The yellow rose is said to symbolize friendship, joy, wisdom, happiness and power. It makes sense Zonta Jefferson City utilizes the yellow rose as the centerpiece for their annual celebration of women.
However, its optimistic likeness reflects Zonta’s own word origin and adoption of the group that empowers women through service and advocacy.
“Zonta” is derived from Lakhota, a language of the Native American Sioux tribe meaning honest and trustworthy. In fact, the Zonta emblem is composed of Sioux Indian symbols that when superimposed take on a special significance for Zontians, according to Zonta International’s website. The letter “Z” is a Sioux symbol for “ray of light,” “sunshine,” “flash of radiance” and “inspiration,” while other symbols express banding together for a purpose or loyalty, shelter and honesty and trust.
In 1919, Zonta International began and less than 30 years later a field representative ofZonta International acquainted a group of local executive and business women with the aims and objects of the Zonta organization. As the 192nd club organized by the international association, Zonta JeffersonCity first started with a number of preliminary meetings at the Hotel Governor and a group of 20 women organized a charter on April 17, 1947, with Eula B. Hadlick, a local attorney, elected as president, according to Zonta Jefferson City’s website.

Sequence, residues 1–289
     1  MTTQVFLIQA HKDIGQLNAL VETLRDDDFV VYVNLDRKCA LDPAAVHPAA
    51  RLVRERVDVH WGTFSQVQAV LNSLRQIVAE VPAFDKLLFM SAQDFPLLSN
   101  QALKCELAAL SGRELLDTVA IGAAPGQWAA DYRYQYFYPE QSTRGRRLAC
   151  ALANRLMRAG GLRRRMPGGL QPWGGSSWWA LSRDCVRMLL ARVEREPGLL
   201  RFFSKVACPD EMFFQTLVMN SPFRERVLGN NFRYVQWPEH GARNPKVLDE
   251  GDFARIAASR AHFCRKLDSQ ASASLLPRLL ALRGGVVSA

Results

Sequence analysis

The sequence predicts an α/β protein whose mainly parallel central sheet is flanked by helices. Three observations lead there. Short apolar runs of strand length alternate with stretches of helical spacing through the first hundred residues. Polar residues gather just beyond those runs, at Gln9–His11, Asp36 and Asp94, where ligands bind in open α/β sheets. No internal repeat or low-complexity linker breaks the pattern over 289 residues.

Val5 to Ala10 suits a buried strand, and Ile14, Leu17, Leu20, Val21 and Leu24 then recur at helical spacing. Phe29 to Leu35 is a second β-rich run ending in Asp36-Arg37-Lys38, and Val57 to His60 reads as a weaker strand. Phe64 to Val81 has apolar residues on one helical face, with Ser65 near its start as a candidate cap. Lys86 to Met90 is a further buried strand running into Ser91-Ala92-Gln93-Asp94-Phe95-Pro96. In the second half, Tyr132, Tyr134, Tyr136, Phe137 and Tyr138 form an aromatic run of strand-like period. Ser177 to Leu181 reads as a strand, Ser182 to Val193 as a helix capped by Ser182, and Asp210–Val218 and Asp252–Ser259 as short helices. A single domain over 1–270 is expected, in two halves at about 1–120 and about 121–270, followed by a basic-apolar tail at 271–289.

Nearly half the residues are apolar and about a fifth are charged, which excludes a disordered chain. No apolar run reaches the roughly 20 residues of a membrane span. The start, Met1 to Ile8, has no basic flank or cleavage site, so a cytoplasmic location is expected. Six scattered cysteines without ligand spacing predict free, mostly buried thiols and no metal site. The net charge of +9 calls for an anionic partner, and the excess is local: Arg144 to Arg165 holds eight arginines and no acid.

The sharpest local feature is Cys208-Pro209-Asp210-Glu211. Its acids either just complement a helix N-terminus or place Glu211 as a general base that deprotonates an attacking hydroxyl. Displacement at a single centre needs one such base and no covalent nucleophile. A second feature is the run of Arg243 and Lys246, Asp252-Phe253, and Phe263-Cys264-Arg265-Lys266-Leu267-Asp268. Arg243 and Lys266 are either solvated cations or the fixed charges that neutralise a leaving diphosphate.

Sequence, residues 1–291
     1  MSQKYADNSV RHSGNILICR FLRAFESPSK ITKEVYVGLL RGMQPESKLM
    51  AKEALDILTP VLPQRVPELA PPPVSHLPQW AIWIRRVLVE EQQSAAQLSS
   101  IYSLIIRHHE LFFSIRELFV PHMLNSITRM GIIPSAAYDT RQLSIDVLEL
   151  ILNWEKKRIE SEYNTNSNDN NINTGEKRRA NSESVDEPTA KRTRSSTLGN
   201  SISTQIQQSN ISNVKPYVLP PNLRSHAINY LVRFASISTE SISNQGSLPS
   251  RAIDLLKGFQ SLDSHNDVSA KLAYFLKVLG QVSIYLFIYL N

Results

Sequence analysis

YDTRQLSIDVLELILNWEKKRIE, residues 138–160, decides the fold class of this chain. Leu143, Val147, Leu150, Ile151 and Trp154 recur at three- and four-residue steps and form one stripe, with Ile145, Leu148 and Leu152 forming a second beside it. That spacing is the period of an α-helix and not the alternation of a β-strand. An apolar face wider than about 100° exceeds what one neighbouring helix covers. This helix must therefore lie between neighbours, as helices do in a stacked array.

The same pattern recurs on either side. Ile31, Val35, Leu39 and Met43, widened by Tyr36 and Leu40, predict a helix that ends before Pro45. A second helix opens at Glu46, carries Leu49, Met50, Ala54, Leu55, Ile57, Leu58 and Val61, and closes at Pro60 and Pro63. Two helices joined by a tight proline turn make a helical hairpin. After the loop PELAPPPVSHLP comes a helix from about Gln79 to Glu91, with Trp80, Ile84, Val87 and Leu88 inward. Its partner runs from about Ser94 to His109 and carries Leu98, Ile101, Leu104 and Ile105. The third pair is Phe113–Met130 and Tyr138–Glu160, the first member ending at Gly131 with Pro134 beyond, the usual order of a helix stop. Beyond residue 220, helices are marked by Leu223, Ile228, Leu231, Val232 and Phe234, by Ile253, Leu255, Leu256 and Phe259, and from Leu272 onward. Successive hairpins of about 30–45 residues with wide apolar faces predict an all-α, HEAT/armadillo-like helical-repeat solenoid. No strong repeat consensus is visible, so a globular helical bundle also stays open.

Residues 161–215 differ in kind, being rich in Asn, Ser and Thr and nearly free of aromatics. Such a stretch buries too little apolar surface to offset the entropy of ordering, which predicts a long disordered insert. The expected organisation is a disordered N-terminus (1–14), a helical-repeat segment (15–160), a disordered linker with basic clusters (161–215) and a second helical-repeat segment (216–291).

The area chapter has done many things to support both local causes that empower women, as well as those of Zonta International. One such cause is “Zonta Says NO to Violence Against Women.” The local chapter utilized that theme for its 11th annual 5K Run/Walk last year, regularly supports and volunteers at the Rape and Abuse Crisis Center (RACS), raises awareness about human trafficking and supports Central Missouri Stop Human Trafficking Coalition and supports the international group’s efforts as well, in addition to helping women gain equality in other countries.
“Money we raise for the international group, often that goes to countries in the Middle East or other places where women don’t have rights. We advocate them to have access to education or for them to be able to drive,” said Erin Wiseman, Zonta Jefferson City member. “Here these things seem like a basic human right, but it is not across the world.”
Volunteering and supporting many other Mid-Missouri organizations including Salvation Army, HALO, ABLE, Habitat for Humanity and Dreams to Reality, supporting a women’s education has been important even before the Second Chance Scholars was established at the start of the 21st century. Ruthi Sturdevant, 18-year Zonta member and past president, said about 25 percent of the club’s funds raised went to a scholarship fund for those wanting to become nurses, dedicated to the late charter Zonta Jefferson City member Laura Layher of the State Board of Nurse Examiners. Sturdevant said it was established in the 1970s and lasted at least 20 years. Now, Second Chance Scholars is the main focus.
The education of advocacy for all women is another important initiative of Zonta International, and the Z Club provides opportunities for young women in high school to develop leadership skills, explore career alternatives and improve international understanding through service projects. Zonta Jefferson City supports a local Z Club, which started in the mid-90s and was sponsored by Dr. Laurel Kramer, a Zonta members.
Students from many local schools – Jefferson City, Helias, Blair Oaks and Russellville – have participated in the past and get to know one another and come together for service, education and social activities alongside Zontians who serve as club sponsors.